Time travel stories are hard. You have to have enough cause-and-effect philosophy and convolution to play to the sci-fi crowd, but not so much that it ruins the story for people who get headaches easily. Inevitably, this balance opens up questionable holes in the plot. But while Looper requires a hefty suspension of disbelief to get through, it tells a solid story with unexpected twists that draw you in.
It’s the year 2044. Thirty years in the future, time travel has been invented and subsequently outlawed. Forensic science in the future has also advanced so far that the safe disposal of a body is next to impossible, so when the organized crime syndicates want someone out of the way, they kidnap them and zap them back to 2044, where specialized hitmen called Loopers wait with a blunderbuss shotgun and a one way ticket to the incinerator.
Looper Joe (Joseph Gordon-Levitt) may be a junkie and a killer, but he has a poetic soul, learning French and saving his silver to move overseas when his contract ends. He’s waiting to “close his loop” – a unique retirement plan in which he’ll kill his future self in exchange for freedom and a huge payout in gold bars. But when Old Joe (Bruce Willis) finally appears, he isn’t about to be taken easily, and quickly escapes with a plan to reboot the future by changing the past. Young Joe pursues his older self, while both of them are hunted by the rest of the Loopers, led by Abe (Jeff Daniels), another visitor from the future with the job of keeping everyone in line.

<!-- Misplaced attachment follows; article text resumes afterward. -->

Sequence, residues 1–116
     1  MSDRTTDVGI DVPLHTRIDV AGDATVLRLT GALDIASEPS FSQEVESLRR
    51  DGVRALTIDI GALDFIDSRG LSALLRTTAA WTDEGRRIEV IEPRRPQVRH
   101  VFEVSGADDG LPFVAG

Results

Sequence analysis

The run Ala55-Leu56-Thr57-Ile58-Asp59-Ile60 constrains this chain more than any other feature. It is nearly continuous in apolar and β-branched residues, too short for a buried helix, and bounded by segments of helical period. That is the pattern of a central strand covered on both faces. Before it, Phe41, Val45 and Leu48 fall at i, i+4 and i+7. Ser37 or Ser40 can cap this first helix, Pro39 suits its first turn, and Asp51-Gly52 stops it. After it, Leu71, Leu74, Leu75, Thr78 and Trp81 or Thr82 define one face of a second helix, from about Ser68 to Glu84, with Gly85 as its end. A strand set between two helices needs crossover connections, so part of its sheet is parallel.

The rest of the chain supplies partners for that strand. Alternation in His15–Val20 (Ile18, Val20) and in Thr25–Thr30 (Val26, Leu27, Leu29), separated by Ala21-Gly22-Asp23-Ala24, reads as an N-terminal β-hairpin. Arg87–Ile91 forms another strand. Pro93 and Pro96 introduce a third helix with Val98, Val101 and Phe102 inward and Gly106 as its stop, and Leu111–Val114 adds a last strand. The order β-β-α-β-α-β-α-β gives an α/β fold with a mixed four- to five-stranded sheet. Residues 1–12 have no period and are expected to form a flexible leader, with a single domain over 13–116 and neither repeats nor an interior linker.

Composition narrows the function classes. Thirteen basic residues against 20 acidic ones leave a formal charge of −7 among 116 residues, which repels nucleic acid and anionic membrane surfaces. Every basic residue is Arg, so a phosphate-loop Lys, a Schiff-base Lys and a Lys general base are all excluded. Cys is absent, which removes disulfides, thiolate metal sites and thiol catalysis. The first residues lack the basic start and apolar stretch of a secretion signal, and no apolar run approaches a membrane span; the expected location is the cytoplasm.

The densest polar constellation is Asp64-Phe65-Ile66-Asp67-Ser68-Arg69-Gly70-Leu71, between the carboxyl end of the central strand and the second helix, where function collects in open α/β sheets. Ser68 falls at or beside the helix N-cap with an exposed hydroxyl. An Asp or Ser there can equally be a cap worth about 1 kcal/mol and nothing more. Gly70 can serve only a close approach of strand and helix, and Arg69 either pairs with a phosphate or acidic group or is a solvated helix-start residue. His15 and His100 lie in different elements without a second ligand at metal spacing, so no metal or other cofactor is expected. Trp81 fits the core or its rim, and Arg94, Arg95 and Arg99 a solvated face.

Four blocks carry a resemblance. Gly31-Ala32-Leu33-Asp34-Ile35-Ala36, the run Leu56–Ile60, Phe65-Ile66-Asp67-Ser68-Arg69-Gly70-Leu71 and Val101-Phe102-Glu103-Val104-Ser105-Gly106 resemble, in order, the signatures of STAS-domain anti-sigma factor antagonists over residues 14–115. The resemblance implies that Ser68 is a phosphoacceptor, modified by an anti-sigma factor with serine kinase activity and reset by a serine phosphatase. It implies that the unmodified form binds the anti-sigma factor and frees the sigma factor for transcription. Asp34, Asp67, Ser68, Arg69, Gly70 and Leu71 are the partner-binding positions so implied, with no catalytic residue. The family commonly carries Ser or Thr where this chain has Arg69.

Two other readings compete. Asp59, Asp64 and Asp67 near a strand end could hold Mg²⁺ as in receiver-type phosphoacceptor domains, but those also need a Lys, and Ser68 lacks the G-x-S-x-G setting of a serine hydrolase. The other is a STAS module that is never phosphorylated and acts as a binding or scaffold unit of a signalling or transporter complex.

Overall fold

I’ve been deliberately vague about what Old Joe is up to because, refreshingly, the studios marketing Looper have actually held back this element of the story from their advertising, enough for it to be a legitimate spoiler. The fact that you might actually be surprised by a movie for once might be good enough reason to see it, with the warning that people with an aversion to violence, especially as directed toward innocent children, may be quite disturbed.
Sci-fi nerds love poking holes in these kinds of movies – such as “Why not just kill the people in the future and then send their bodies back, to eliminate the danger of them getting loose?” And to his credit, writer-director Rian Johnson has made some effort to explain away Looper‘s logical inconsistencies. But some of his other creative choices actually interfere with the proceedings. The usually reliable Gordon-Levitt, for instance, is hamstrung behind makeup and a raspy voice meant to simulate the young Bruce Willis. It sort of works in the quieter moments, but when the two begin shouting at each other it becomes distractingly silly. The brief, zero-chemistry romance between Young Joe and Sara (Emily Blunt) also seems a product of over-reaching. On the plus side, Willis is in fine form, and little Pierce Gagnon is creepily effective as Sara’s little boy, who comes to play a big role in the end.
Looper is by no means a perfect movie, but it’s a mostly entertaining one, even if only to give you and your friends something to argue about on the car-ride home.
Tags: movie review